Greetings from Donald Grizzly and the guys from Softinventive Lab.
First of all, we’d like to thank our users for all the feedback that we get. Most of it is very constructive, detailed and helpful, and it keeps us on track.
Recently we updated TNI to version 2.0.1 (1074). We’ve fixed a few bugs and implemented a couple of highly requested features. Here’s the list of some of the changes in the update:
- New Import folder command that goes into subfolders and can create groups in storage to match the imported folder structure.
- New Automatic import feature: pull data on startup or on timer.
- New Logon script helper tool.
- New ESX/xSphere detection (no scanning yet, but it is to come).
- ImprovedMulti-asset report in Details tab can now be built by choosing a group.
- ImprovedWindows agent got /overwrite parameter to prevent generating lots of copies.
- ImprovedPasswords are now impossible to reveal in editors.
- ImprovedIn software accounting, auto-scanned licenses with 0 copies can now be deleted.
- FixedSMB errors when scanning some computers and servers.
- FixedImport of new snapshots for existing assets is not affected by license limitations anymore.
- FixedPrinters on Mac OS X.
Logon script tool
We’ve reintroduced the tool for setting up logon script scanning of your network. Customers who have been with us since TNI 1.6.8 remember this function as an option available from the late Scan wizard. Now it resides in the Options window, appropriately entitled Logon script. It became cleaner and a little bit smarter.
Another come-back is the Automatic import feature. It is now capable of importing files from sub-folders along with folder structure itself, pulling data at startup or on timer, etc. And it’s twice as useful in combination with logon script scanning.
Selecting assets in a folder
One little GUI improvement a lot of you requested is this: now you can simply click a group in Details tab to build a report on all of the assets inside without having to enable multiple selection mode. You can still build a group summary if you need it by choosing the corresponding category from the sidebar.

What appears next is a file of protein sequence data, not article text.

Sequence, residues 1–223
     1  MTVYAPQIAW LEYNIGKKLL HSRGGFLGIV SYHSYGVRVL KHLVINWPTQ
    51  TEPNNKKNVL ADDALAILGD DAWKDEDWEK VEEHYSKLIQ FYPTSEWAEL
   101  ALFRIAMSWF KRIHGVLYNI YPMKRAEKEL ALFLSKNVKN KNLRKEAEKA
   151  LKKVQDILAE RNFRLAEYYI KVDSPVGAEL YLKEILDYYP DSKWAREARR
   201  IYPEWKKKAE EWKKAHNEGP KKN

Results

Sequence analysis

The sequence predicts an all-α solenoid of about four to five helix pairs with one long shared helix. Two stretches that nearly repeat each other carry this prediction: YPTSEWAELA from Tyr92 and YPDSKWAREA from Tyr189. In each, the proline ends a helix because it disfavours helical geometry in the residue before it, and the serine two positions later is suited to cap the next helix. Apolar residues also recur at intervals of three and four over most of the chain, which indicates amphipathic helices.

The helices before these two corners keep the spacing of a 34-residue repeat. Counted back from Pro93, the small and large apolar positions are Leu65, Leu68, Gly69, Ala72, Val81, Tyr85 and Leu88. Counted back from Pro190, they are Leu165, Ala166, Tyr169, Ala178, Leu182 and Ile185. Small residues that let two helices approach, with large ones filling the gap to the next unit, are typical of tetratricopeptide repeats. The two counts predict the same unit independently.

Right now we’re working hard to ensure the new version is rock-solid and nimble. Please, keep the feedback coming and look forward to updates. Some cool stuff is to come once we’re through the post-release routine.
Once again, hi! This time I’ll demonstrate the matchless powers of the new network tree. We all like to have matchless powers, right?
The first of your new powers is called Displayed text. Click the button and choose which piece of data all the assets will be represented by. If you don’t care for network names, you can choose to see IP addresses in their place. Or asset tags. Or user names. Or simply custom aliases. Also, you can use any of these values for additional text that will be printed out in blue on the right.
The second power is Instant search. Well, we’re modest guys, so we call it simply Search in the software. But it’s still instant. Press Ctrl + Shift + F and try it out. Note: you can search by both primary and additional text values that you’ve set up using your first power.
The third power is Indicators. Hit the light bulb button and choose an Assistant that you like the most. They’re great guys, all of them. Let’s go with Operating system, Online status and Alert presence, for instance. After adding each of them, you’ll see something like that: